She signed the general legal position of the Supreme Court, which abolished the possibility of challenging the decisions of the Assembly on the appointment and dismissal of public officials, regardless of the legality of such decisions, before the Montenegrin courts. This position followed a series of political shifts in the councils of the Agency for the Prevention of Corruption, RTCG and the vice-governor of the Central Bank.

Petar Komnenić, the editor of the show Načisto, added in a statement for Vijesti television that Medenica’s closeness to the representatives of the previous government was also troubling.

“Everything we know suggests that she was a favourite and an extended arm of those in power during the long-term domination of the DPS, whose leader, as he negotiates the constitution of the new government,  “enlightens us” that this is a challenge for the authorities. Obviously, it was not a challenge for the authorities during his domination,” he said, adding that it was the party’s representatives who spoke about convincing the European Commission of the validity of its third term.

During Medenica’s mandate, the European Commission was assessing in its report that the Montenegrin judicial system was moderately prepared. Judiciary was perceived as vulnerable to political interference, and further commitment was needed to ensure its independence as well as its efficiency.

“We are fighting hard to secure funds. The state is ready, but the European Commission is obstructing, yet we will fight organized crime and the European Commission and its attitudes towards Montenegrin courts,” Medenica said in 2019.

Neither these nor other decisions and actions of Medenica led to any measures taken against her. The European Commission warned of the lack of accountability in the judiciary of Montenegro for years. Taking into account that there was no significant reform in the judiciary since she stepped down and having in mind her past role and still present influence in this branch, there is a doubt that accountability will be established this time, as well as that Medenica will be adequately processed.

In a statement for N1, Ćalović Marković said that it would be interesting to follow the situation regardless.

“We know that Vesna Medenica can be a very troublesome witness for many if she decides to speak, including those who still perform some of the highest state functions. We will see which way he will go,” she stated.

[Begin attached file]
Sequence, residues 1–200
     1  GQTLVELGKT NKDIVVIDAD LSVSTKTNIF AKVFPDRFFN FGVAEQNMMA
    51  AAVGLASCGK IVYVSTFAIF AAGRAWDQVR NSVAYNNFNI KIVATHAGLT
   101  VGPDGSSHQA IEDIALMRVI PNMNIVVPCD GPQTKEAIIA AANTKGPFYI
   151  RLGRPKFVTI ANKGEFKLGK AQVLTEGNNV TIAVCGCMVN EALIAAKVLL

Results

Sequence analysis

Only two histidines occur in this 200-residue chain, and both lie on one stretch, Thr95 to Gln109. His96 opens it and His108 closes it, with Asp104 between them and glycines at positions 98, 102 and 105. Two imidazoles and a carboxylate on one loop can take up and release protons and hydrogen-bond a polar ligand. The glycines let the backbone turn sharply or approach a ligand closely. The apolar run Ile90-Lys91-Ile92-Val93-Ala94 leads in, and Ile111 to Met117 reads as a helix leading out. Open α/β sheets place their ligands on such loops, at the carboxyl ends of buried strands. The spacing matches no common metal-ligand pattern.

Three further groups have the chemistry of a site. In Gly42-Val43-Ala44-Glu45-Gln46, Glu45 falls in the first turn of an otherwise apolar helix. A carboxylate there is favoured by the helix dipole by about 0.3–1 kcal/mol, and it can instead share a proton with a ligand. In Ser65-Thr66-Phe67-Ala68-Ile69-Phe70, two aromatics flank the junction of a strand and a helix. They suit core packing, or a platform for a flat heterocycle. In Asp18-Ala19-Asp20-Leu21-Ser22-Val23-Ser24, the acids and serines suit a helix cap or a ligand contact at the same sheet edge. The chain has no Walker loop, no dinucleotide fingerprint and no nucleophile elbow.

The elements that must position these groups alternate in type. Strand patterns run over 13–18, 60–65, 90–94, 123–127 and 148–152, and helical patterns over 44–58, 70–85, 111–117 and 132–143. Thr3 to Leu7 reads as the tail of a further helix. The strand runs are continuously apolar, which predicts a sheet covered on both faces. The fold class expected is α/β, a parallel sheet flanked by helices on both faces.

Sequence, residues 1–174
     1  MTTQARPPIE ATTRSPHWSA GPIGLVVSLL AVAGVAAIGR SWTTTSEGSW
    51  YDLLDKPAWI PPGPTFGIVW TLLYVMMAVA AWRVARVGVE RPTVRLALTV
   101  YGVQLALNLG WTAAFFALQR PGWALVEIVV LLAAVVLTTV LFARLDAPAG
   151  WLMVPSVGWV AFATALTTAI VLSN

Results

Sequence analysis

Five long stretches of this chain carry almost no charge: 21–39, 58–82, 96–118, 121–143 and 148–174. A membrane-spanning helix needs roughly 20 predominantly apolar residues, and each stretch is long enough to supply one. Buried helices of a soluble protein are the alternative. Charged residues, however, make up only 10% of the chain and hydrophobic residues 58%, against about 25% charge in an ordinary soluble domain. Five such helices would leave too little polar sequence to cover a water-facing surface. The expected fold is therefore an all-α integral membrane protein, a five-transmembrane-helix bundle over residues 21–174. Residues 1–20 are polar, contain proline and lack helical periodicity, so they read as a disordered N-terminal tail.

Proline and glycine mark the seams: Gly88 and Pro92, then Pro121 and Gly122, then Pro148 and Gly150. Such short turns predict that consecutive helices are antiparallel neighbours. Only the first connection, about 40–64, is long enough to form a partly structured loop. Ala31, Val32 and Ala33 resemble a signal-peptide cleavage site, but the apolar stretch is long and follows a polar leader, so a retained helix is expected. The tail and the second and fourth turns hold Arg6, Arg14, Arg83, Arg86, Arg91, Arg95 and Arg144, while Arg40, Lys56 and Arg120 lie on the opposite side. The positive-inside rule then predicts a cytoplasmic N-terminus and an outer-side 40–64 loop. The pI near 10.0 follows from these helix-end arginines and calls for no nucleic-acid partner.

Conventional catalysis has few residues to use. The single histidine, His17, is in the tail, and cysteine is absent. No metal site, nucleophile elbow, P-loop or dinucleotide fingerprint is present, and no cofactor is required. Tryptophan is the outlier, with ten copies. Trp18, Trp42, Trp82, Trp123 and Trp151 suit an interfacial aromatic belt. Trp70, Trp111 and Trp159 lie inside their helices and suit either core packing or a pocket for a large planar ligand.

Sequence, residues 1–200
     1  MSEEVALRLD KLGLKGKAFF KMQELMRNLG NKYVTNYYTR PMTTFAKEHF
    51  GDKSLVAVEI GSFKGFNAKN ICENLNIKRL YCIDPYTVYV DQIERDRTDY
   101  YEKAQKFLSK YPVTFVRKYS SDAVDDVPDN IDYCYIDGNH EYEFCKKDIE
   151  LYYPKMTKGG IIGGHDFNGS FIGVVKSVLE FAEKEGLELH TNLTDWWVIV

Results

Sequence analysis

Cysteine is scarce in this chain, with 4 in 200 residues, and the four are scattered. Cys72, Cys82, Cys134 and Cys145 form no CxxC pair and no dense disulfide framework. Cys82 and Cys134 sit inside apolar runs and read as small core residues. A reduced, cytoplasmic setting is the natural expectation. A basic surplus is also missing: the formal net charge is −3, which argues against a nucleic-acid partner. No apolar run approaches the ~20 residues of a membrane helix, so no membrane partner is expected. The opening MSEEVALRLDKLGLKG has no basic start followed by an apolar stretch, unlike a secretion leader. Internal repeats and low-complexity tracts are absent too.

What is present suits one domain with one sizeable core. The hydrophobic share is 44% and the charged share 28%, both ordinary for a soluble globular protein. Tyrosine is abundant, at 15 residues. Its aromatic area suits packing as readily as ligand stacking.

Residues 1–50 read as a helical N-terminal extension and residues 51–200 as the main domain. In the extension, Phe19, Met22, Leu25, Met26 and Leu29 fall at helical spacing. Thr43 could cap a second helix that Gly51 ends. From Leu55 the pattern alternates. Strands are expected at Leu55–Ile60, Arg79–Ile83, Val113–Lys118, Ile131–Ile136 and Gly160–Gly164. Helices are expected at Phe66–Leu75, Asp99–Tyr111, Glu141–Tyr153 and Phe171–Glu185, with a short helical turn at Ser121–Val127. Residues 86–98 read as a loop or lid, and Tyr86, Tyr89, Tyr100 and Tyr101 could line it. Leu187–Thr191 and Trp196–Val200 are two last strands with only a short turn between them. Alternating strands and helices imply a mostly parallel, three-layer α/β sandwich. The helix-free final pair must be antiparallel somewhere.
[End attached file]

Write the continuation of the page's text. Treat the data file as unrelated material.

Whether the suspicions will be properly substantiated, and whether the investigation will be effective remains to be seen. Yet, as Komneninć said in his statement for Vijesti, everything that Medenica is accused of should be seriously supported, and this case must be “a serious introduction to the analysis of the situation in the judiciary, problems and deviations that Medenica left behind”.

“The arrest of the first lady of justice until yesterday testifies to the skilfully created lies we have lived in the previous decades. It causes disgust that a person who convinced us at the beginning of her term as the Supreme State Prosecutor that there is no organized crime in Montenegro ended up under suspicion of creating a criminal organization,” Komnenić concluded.

Fight against corruption represented one of the priorities that the government that was established after the 2020 elections. Yet, the reality showed that is not an easy task since the system continued to be haunted by the ghosts of the previous regime.

Thus, as European Commission 2021 report on Montenegro noted, this country made limited progress in this field. The report stated there is a need for strong political will to effectively address this issue as well as a robust criminal justice response to high-level corruption. It was noted the track record of investigations, prosecutions, and final convictions in cases of high-level corruption increased but remains to be further consolidated.

Adequate confrontation of the competent institutions with this case can be a turnaround in the fight against corruption that will open the door for future high-level corruption cases and, finally, a better result in this field.

This article was published as part of the project “Civil society for good governance and anti-corruption in southeast Europe: Capacity building for monitoring, advocacy and awareness-raising (SELDI)” funded by the European Union.